Wednesday, December 9, 2009

Rules on Travel with Emotional Support Animals are Discriminatory

On May 13, 2009, the Department of Transportation's (DOT) Air Carrier Access Act revised regulations went into effect. These rules for the first time applied U.S. nondiscrimination provisions on foreign air carriers with flights the originate in the U.S.

However, another provision of the regulations requires a uniquely high level of documentation from individuals who seek to board aircraft with psychiatric service animals or emotional support dogs.

These rules demand written documentation, such as a note from a mental health professional testifying to the need for the animal to accompany the passenger, 48 hours in advance for both psychiatric service animals and emotional support animals to be allowed on an aircraft. This is not required for service animals of people with disabilities that are not psychiatric in nature.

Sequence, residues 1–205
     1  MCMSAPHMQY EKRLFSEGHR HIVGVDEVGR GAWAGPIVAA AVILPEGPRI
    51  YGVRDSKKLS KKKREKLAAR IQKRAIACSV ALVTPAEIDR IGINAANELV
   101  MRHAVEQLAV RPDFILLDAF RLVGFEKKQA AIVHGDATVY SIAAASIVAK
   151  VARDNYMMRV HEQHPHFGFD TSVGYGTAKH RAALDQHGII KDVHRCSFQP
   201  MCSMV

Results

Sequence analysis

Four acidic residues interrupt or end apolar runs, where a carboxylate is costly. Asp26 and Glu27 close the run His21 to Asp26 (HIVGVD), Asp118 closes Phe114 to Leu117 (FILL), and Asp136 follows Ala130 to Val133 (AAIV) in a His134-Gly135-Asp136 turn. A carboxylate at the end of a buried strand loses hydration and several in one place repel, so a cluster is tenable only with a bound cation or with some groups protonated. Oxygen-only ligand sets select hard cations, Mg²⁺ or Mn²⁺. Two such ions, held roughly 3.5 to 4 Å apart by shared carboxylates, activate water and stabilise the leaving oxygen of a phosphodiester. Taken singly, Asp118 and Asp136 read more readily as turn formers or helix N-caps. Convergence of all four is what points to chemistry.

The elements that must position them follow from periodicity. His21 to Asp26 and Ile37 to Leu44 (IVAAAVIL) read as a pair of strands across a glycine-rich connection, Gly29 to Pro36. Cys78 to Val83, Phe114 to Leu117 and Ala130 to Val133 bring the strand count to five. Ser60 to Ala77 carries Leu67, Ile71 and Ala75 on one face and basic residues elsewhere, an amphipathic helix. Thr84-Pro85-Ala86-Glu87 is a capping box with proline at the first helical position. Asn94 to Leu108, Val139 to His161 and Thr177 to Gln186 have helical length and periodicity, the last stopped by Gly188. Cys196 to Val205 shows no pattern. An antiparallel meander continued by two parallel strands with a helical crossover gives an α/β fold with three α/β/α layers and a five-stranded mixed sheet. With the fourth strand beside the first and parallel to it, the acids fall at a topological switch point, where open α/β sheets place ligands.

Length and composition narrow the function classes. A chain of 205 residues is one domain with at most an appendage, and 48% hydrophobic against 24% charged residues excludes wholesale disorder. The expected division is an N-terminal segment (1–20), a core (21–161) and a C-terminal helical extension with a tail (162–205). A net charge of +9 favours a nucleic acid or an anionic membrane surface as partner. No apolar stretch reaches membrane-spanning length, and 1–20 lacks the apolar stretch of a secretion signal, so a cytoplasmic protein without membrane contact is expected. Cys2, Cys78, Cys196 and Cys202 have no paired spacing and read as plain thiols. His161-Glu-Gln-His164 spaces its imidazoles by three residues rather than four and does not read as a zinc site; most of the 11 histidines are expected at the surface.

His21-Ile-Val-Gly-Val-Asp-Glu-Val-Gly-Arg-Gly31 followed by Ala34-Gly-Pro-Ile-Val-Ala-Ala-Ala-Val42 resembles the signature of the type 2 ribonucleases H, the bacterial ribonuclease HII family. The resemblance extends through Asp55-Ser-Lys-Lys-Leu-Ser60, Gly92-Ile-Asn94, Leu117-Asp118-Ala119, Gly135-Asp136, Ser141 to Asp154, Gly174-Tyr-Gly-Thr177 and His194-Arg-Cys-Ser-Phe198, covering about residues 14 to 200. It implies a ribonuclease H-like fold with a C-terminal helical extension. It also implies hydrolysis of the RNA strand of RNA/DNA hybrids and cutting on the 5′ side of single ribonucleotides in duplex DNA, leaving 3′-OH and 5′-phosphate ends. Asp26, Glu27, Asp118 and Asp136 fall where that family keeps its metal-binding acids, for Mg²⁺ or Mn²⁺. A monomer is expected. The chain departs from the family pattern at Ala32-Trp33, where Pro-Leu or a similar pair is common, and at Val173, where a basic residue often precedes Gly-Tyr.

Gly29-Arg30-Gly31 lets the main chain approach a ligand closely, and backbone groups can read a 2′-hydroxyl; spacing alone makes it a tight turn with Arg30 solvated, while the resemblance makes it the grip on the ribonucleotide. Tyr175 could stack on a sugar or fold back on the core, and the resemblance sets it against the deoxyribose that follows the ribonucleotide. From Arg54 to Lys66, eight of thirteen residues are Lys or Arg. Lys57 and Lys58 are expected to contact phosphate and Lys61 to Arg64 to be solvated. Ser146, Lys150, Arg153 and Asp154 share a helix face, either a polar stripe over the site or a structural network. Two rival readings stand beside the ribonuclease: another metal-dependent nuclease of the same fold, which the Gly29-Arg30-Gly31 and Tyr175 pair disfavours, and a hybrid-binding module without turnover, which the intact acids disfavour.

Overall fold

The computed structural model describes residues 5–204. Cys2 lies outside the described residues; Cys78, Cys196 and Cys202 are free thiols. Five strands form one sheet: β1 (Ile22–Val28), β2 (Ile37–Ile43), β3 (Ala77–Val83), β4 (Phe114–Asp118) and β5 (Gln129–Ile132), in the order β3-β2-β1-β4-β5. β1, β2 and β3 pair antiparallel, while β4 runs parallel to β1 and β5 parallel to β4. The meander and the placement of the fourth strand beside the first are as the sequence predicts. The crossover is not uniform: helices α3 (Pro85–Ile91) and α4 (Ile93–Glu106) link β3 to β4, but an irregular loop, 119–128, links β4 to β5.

Seeing the regulations as discriminatory to people with mental illnesses, the Psychiatric Service Dog Society attempted to stop the rule a few months before it went into effect, but was not successful.

However, on September 18, 2009, the Department issued a new request for comments, based on the Psychiatric Service Dog Society's letters urging repeal on the rules.

DOT is seeking comments from the public on whether it should begin a new rulemaking on this practice. They are particularly seeking comments from the public on how the rule, which has been in effect since May 13, 2009, is working or not working.

The deadline for comments is December 17, 2009.

The make your voice heard, visit DOT's special input page to view and comment on the rules:

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